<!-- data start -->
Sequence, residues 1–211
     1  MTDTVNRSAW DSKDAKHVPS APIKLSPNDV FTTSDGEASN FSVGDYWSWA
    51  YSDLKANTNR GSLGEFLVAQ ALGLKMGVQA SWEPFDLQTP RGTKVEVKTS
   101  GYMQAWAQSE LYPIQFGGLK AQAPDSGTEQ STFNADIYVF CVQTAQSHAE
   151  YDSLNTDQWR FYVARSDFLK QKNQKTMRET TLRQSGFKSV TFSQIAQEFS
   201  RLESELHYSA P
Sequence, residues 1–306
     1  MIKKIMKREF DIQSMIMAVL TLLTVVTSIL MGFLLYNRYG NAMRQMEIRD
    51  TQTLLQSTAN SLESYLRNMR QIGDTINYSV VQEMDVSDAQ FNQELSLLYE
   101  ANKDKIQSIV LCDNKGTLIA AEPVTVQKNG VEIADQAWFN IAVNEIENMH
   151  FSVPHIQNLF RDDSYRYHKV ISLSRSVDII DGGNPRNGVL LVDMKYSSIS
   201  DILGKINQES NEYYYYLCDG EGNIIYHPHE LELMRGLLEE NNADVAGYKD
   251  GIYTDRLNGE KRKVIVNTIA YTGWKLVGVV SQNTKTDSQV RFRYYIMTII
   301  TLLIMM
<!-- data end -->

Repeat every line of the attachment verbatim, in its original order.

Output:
Sequence, residues 1–211
     1  MTDTVNRSAW DSKDAKHVPS APIKLSPNDV FTTSDGEASN FSVGDYWSWA
    51  YSDLKANTNR GSLGEFLVAQ ALGLKMGVQA SWEPFDLQTP RGTKVEVKTS
   101  GYMQAWAQSE LYPIQFGGLK AQAPDSGTEQ STFNADIYVF CVQTAQSHAE
   151  YDSLNTDQWR FYVARSDFLK QKNQKTMRET TLRQSGFKSV TFSQIAQEFS
   201  RLESELHYSA P
Sequence, residues 1–306
     1  MIKKIMKREF DIQSMIMAVL TLLTVVTSIL MGFLLYNRYG NAMRQMEIRD
    51  TQTLLQSTAN SLESYLRNMR QIGDTINYSV VQEMDVSDAQ FNQELSLLYE
   101  ANKDKIQSIV LCDNKGTLIA AEPVTVQKNG VEIADQAWFN IAVNEIENMH
   151  FSVPHIQNLF RDDSYRYHKV ISLSRSVDII DGGNPRNGVL LVDMKYSSIS
   201  DILGKINQES NEYYYYLCDG EGNIIYHPHE LELMRGLLEE NNADVAGYKD
   251  GIYTDRLNGE KRKVIVNTIA YTGWKLVGVV SQNTKTDSQV RFRYYIMTII
   301  TLLIMM